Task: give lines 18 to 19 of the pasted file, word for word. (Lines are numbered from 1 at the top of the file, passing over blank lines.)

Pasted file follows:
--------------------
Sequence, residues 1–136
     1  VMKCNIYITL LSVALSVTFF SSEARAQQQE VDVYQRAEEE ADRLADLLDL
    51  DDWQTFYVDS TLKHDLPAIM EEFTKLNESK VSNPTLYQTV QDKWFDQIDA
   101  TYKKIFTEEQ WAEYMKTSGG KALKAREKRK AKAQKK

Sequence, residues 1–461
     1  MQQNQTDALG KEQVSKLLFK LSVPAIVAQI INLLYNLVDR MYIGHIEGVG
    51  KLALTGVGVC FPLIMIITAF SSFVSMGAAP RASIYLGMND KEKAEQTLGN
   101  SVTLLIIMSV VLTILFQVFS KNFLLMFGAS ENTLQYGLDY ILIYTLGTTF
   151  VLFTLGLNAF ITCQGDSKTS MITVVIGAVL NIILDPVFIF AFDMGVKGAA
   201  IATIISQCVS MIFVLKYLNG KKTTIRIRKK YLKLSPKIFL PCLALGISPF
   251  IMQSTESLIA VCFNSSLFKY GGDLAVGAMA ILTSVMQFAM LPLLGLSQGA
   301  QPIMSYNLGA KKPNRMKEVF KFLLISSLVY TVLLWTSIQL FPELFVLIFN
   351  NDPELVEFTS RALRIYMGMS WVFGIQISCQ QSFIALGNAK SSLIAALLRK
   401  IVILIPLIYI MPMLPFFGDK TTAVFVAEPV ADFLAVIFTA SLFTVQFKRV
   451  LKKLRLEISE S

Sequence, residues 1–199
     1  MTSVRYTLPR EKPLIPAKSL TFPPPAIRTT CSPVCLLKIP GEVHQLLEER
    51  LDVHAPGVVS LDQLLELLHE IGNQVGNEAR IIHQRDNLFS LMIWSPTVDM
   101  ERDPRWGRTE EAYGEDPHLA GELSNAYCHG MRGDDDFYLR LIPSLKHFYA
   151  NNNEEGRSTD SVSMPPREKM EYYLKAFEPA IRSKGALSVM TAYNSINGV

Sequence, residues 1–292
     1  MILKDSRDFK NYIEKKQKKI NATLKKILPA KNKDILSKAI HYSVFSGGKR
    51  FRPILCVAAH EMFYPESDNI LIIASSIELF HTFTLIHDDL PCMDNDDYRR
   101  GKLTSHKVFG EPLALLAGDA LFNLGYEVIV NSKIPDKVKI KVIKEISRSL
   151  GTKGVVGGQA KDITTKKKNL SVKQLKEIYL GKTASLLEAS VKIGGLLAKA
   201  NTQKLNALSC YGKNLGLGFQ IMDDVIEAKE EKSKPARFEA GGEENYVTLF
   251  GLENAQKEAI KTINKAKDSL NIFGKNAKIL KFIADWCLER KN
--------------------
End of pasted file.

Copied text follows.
    51  LDVHAPGVVS LDQLLELLHE IGNQVGNEAR IIHQRDNLFS LMIWSPTVDM
   101  ERDPRWGRTE EAYGEDPHLA GELSNAYCHG MRGDDDFYLR LIPSLKHFYA